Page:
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The PS5's Ryzen 3600G Rumours are Complete Nonsense

Why would Sony use a off-the-shelf APU for next-gen?

Sony's Next-Gen PlayStation will use AMD Zen 2/Navi chips and be backwards compatible

The PS5's Ryzen 3600G Rumours are Complete Nonsense

Last week, Mark Cerny released a lot of information regarding Sony's next-generation PlayStation console, confirming that the system will utilise eight AMD Zen 2 CPU cores, Navi graphics, a custom 3D audio solution and support for ray tracing. More information about Sony's next-gen PlayStation is available here

While Cerny revealed a lot about the next generation of consoles, he said practically nothing about the console raw performance levels, leaving us with little idea of what to expect from the platform, aside from the inclusion of SSD-based storage and support for HDMI 2.1. 

This lack of detail has allowed many rumours to take hold, many of which are either incorrect or pure conjecture. Today we will discuss one rumour, one which comes from Wired, the same website which revealed the first official details about Sony's next-generation platform. 

Let's start with the basic; the rumour states that Sony's next-generation PlayStation will cost $399 and be built using a Ryzen 3600G APU, a processor which Wired's article states was launched at CES 2019 and is due to release in the second half of 2019. THIS IS COMPLETE NONSENSE! AMD did not reveal ANY Zen 2 based APUs are CES, and the Ryzen 3600G at this time is little more than a rumoured product, albeit one which allegedly features Zen 2 cores and a Navi graphics component. 

Beyond this glaring flaw, it is also curious why Sony would opt to use an off-the-shelf AMD component, given their ability to create semi-custom processors for both the PS4 and PS4 Pro in the past. There is no doubt in our mind that the PlayStation 5, or whatever it is called, will be another semi-custom design from AMD. Simply put, off-the-shelf hardware wouldn't make sense for a console.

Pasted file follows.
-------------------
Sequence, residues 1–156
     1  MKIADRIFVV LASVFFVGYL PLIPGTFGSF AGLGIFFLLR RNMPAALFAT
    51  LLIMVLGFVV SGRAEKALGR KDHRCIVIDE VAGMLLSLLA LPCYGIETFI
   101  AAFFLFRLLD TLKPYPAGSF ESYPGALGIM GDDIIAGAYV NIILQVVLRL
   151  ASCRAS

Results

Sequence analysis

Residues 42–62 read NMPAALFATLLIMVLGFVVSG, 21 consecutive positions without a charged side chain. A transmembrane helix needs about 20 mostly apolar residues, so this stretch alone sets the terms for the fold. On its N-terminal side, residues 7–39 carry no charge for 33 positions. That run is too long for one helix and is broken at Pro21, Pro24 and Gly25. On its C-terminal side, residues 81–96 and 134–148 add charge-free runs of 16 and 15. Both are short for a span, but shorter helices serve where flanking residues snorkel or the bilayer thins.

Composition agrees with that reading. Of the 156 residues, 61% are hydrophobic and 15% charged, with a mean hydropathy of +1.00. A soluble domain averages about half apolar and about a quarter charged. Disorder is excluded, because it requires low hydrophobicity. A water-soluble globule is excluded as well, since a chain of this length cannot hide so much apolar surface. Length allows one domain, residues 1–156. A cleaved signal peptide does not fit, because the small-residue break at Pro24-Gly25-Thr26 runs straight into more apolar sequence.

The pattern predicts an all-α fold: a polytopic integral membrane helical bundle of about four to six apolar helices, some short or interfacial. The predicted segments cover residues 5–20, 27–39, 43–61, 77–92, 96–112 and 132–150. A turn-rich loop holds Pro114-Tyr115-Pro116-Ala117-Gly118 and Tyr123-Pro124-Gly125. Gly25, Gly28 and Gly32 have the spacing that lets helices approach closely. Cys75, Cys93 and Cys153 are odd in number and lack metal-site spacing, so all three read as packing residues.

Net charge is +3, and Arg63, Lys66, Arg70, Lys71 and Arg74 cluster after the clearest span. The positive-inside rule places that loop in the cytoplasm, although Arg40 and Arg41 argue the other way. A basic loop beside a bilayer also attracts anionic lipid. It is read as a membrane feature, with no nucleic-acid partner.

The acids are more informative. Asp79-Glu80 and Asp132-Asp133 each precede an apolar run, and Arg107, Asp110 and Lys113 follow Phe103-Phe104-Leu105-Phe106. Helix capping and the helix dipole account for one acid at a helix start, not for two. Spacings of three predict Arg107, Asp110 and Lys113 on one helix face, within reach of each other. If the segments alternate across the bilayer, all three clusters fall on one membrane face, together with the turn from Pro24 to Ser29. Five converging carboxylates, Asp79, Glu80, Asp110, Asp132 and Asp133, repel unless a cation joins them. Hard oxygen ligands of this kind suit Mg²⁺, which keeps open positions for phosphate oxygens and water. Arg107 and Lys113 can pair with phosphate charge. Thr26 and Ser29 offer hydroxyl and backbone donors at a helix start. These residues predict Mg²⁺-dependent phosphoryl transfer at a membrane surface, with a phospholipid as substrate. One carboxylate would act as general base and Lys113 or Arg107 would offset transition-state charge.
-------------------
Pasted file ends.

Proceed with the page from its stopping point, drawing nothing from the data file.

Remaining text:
If the Ryzen 3600G exists, it would sit on AMD's AM4 socket and have access dual-channel DDR4 memory, delivering nowhere near enough bandwidth to power anything that could be considered "next-gen". This is why AMD hasn't created a PC APU that has a larger graphics segment than their Ryzen 5 2400G, as memory bandwidth would quickly become a limiting factor. Yes, a different memory configuration could be used by Sony, but after that customisation the processor would no longer be AMD's alleged Ryzen 3600G. I will repeat this; this rumour is false.  

Sony's Next-Gen PlayStation will use AMD Zen 2/Navi chips and be backwards compatible


With the Ryzen 3600G aspect of the rumour being utter poppycock, the other aspects of the rumour, such as the console's alleged $399 price tag, must also be discounted, given the fact that it too is based off the assumption that next-generation console platforms will be based on a $180-220 APU. 

It honestly surprises us that so many websites have spread this Ryzen 3600G powered PS5 rumour, including many PC-centric outlets which should frankly know better. Today, the only console manufacturer that uses an off-the-shelf SOC to power their console is Nintendo, a mobile, Nvidia-powered platform. There is no reason to believe that Sony wouldn't utilise a semi-custom AMD design for their next-generation console platform. 

You can join the discussion on Sony's PlayStation 5 Ryzen 3600G APU rumours on the OC3D Forums

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Most Recent Comments

24-04-2019, 06:20:25

tgrech
Yeah I saw these the other day and was clearly rubbish from a mile off(Particularly now we know 3X00G will be Zen+ monolithic APUs from deliddings) but I mean, this is their source lol:
https://www.pelhamsmithers.com/

Stock market analysts discussing technology are always a funny bunch.Quote

24-04-2019, 10:40:53

ImprovizoR
Anyone who's into gaming news and tech knows that consoles always use custom made chips. This isn't even newsworthy.Quote

24-04-2019, 11:12:35

WYP
Quote:
Originally Posted by ImprovizoR View Post
Anyone who's into gaming news and tech knows that consoles always use custom made chips. This isn't even newsworthy.
As said in the article, the Switch does use a premade chip from Nvidia, not a custom one.

The whole point of this article is to point out that the rumours reported by Wired, Tom's Hardware and Tweaktown are clearly false. Someone needs to call out what is clearly misinformation.Quote

24-04-2019, 18:18:19

ImprovizoR
Quote:
Originally Posted by WYP View Post
As said in the article, the Switch does use a premade chip from Nvidia, not a custom one.
I thought it was a custom Tegra chip.Quote

24-04-2019, 19:45:46

tgrech
It's a Tegra X1 with different clock speeds, I guess you could kinda say the Xbox Original's CPU was a coppermine Celeron with a slightly different cache config too but I guess a different bin is a slightly bigger change than dialing in different clocks.Quote
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